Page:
The Ariels of Moab

Occasionally, as time passes and languages develop, the particular meaning of a word is changed or lost. One can see plainly, even in the English language, where words fall in and out of use, and their meanings change over time. Every language goes through this development, and sometimes it is difficult for the translators of the Bible to capture, by a single English word, the deeper meaning of a Hebrew or Greek word—especially if the exact meaning is lost in antiquity. One such word is found in 1 Chronicles 11:22 (and in 2 Samuel 23:20), among the lists of the mighty men of David:

Benaiah the son of Jehoiada, the son of a valiant man of Kabzeel, who had done many acts; he slew two lionlike men of Moab: also he went down and slew a lion in a pit in a snowy day (KJV).

Benaiah the son of Jehoiada, the son of a valiant man of Kabzeel, who had done mighty deeds, he slew the two sons of Ariel of Moab: he went down also and slew a lion in the midst of a pit in time of snow (ASV).

And Benai’ah the son of Jehoi’ada was a valiant man of Kabzeel, a doer of great deeds; he smote two ariels of Moab. He also went down and slew a lion in a pit on a day when snow had fallen (RSV).

Benaiah son of Jehoiada was a valiant fighter from Kabzeel, who performed great exploits. He struck down two of Moab’s best men. He also went down into a pit on a snowy day and killed a lion (NIV).

Four different versions give four different translations in reference to the same group: the ariels of Moab. The Anglicized “ariel” comes from the Hebrew word ‘ariyel, which is a compound of the words ‘aryeh, which means “lion,” and ‘el, which means “God.” This literal translation, “lion of God,” does not explain to whom the authors of Chronicles and Samuel were referring. However, when taken in context, it appears that these were warriors of stature that were feared for their might.

The Revised Standard Version did not translate the word, but placed a transliteration from Hebrew into English in the passage. The American Standard Version also transliterated the word, but inserted the phrase “sons of ” into the text, seeming to assume that ‘ariyel referred to a specific man named Ariel. However, this does not seem to fit with the text. The passage continues the record of Benaiah by speaking of his killing an ‘aryeh (“lion”), as if the passage were speaking of him killing two “lions of God,” and also killing a lion. To make ‘ariyel a name breaks the continuity of the passage in its references to lions, whether they be of God or otherwise.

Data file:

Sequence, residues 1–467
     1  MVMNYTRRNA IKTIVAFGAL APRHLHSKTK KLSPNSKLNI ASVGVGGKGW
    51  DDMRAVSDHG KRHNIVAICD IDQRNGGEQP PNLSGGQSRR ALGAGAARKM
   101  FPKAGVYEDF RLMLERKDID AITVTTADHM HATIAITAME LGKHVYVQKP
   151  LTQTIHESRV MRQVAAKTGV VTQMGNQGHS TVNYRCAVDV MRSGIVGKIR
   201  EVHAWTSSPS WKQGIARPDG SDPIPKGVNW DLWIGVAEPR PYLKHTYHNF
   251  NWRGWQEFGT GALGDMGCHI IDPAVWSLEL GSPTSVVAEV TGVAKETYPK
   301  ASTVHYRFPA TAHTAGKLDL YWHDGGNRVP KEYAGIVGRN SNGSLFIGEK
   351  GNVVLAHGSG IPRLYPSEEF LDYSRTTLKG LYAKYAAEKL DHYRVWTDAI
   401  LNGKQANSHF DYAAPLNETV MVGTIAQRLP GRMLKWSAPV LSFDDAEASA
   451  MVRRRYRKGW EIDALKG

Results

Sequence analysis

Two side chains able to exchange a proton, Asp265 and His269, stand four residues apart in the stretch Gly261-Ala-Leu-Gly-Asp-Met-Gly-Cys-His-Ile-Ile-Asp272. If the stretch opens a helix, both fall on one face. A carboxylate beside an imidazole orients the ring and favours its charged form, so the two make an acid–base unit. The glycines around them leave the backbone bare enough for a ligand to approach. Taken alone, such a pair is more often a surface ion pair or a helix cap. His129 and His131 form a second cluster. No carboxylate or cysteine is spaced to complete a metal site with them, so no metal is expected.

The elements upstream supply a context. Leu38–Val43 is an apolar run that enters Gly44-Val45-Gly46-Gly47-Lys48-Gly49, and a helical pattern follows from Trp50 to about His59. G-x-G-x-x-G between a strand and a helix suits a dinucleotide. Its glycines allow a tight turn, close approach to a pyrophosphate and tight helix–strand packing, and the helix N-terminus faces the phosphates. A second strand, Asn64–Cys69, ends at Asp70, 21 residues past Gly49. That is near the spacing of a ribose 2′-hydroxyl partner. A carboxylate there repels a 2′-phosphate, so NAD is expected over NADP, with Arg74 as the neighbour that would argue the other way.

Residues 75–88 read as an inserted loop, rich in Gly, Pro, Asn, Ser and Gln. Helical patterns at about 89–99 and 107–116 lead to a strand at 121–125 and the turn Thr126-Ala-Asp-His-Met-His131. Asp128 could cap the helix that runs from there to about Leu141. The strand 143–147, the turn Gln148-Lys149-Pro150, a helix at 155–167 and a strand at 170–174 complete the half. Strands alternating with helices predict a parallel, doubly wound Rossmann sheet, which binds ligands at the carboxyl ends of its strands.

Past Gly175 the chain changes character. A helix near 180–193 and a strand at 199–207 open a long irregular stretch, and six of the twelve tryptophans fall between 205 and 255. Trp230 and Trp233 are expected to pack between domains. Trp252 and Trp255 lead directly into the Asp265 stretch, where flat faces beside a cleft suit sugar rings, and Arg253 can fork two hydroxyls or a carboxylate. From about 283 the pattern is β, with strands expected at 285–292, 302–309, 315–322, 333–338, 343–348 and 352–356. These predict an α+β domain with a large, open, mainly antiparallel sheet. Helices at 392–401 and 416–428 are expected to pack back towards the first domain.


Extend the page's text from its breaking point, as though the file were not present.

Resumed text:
Probably the best treatment of this passage would come from a mingling of the New International and King James Versions. The NIV translated ‘ariyel by the phrase “best men,” as in men of might and valor, while the KJV used “lionlike men” (NKJV—“lion-like heroes”). When taken in context, something along these lines would be the better translation. The passage in 1 Chronicles 11:10-47 speaks of the men that David considered mighty, as well as some of their exploits. The record of Benaiah (vv. 22-25) states that he killed the two ‘ariyel (along with a lion) and an Egyptian giant whose height measured about seven and a half feet. Therefore, the best rendition of ‘ariyel is probably something that conveys might and strength, more so than what “best men” or “lionlike men” convey—they were mighty men who fought like lions from God. In the Old Testament, the image of a lion was used often to express power and strength when describing warriors. Soldiers from the tribe of Gad were described in 1 Chronicles 12:8 as having faces like “the faces of lions.” David’s lament for Saul and Jonathan called the deceased “stronger than lions” (2 Samuel 1:23). Proverbs 30:30 described the lion as “mighty among beasts.”

Perhaps these ‘ariyel were a special elite corps in the army of the Moabites, similar to our special forces (U.S. Navy SEALs; U.S. Army Green Berets, Airborne Rangers, and Delta Force; etc.). They also could have been two men who referred to themselves as the ‘ariyel, in reference to their abilities as warriors; likewise, it could have been an epithet given to them by their enemies. Whatever the reason, these men must have been known as some of the fiercest fighters, because they were compared to the “king of the jungle”—the mighty lion. Defeating two of them obviously was a feat worthy of mention in the list of mighty men. It is very hard for a single English word to convey the idea of warriors that go by “lions of God,” but it is obvious that they were considered some of the mightiest of men in that day.


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